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Poetics (Dover Thrift Editions) Paperback – March 12, 1997
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Text: English (translation)
Original Language: Greek
From the Back Cover
Aristotle's Poetics is one of the most powerful, perceptive and influential works of criticism in Western literary history. A penetrating, near-contemporary account of Greek tragedy, it demonstrates how the elements of plot, character and spectacle combine to produce 'pity and fear' - and why we derive pleasure from this apparently painful process. It introduces the crucial concepts of mimesis ('imitation'), hamartia ('error') and katharsis, which have informed serious thinking about drama ever since. It examines the mythological heroes, idealized yet true to life, whom Aeschylus, Sophocles and Euripides brought on to the stage. And it explains how the most effective plays rely on complication and resolution, recognitions and reversals. Essential reading for all students of Greek literature and of the many Renaissance and post-Renaissance writers who consciously adopted Aristotle as a model, the Poetics is equally stimulating for anyone interested in theatre today.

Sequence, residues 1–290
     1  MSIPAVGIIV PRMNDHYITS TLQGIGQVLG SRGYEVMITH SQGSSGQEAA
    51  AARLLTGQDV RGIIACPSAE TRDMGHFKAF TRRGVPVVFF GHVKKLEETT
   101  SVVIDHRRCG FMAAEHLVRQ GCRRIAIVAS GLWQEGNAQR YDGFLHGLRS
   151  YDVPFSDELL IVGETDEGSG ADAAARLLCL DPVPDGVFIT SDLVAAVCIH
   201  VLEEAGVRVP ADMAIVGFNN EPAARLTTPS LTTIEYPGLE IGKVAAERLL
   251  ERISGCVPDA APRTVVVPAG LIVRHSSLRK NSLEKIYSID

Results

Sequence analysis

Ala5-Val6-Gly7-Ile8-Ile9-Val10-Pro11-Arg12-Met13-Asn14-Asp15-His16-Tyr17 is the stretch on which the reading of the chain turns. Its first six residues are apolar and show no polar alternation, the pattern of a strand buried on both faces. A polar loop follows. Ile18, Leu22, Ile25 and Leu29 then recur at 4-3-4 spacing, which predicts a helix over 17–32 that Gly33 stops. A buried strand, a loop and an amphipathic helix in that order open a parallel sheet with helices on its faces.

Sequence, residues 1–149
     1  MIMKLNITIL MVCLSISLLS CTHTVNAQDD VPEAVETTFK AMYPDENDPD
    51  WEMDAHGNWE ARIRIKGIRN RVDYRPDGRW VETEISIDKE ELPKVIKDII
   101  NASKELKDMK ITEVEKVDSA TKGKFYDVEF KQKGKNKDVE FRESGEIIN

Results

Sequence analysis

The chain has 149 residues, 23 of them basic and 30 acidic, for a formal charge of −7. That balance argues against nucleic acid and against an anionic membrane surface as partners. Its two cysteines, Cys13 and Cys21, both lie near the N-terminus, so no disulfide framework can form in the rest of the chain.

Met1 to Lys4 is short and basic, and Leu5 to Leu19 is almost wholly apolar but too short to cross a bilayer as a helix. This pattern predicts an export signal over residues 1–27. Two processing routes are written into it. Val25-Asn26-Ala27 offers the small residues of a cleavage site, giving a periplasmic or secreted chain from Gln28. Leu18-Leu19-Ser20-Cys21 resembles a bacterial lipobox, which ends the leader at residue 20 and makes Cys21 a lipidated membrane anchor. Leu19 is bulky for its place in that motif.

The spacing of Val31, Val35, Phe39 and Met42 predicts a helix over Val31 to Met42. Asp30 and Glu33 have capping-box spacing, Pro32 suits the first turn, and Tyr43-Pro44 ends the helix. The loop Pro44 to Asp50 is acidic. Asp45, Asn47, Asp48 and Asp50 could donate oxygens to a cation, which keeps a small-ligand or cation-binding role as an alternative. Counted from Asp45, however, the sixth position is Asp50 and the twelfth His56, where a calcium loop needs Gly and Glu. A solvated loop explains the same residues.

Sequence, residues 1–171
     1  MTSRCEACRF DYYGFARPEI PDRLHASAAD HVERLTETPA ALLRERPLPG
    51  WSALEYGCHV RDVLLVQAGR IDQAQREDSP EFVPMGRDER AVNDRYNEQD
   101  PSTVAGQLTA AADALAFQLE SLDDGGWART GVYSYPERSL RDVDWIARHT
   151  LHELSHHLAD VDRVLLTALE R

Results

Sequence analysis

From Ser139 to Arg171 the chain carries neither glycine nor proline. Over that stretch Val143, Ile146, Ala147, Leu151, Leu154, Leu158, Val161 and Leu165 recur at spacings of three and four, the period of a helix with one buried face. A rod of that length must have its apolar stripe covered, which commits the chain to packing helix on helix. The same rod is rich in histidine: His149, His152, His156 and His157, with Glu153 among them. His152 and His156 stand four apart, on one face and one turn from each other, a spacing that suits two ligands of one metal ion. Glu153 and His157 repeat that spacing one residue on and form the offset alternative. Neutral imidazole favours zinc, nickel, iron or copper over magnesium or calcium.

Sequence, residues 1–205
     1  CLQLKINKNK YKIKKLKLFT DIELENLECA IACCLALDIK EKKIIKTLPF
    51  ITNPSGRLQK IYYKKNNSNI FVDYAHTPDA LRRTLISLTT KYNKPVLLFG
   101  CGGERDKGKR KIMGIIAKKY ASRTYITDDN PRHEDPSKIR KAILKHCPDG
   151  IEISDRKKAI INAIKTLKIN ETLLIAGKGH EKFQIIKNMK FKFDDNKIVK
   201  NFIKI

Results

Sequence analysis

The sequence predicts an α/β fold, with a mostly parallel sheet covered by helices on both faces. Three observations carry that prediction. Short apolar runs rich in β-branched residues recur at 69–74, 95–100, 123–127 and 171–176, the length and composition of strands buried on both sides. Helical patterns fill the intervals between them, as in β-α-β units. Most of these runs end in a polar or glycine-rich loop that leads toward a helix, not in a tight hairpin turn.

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Top Customer Reviews
First, the translation:
No nits to pick here. It is very clear and readable. This isn't Aristotle at his most refined, but the translation should be accesible to anyone with the interest in reading it. Halliwell hasn't shied away from the overtly normative language that permeates the text, nor has he attempted to inject more structure or content than the text can bear.
Given that the commentary is (apparently) geared to folks with an interest in contemporary aesthetics, it is nice to see that Halliwell has not colored the text in a way that might be more palatable to the contemporary aesthetician. A few passages sent me scrambling for the OCT, but I always ended up happy with Halliwell's rendering.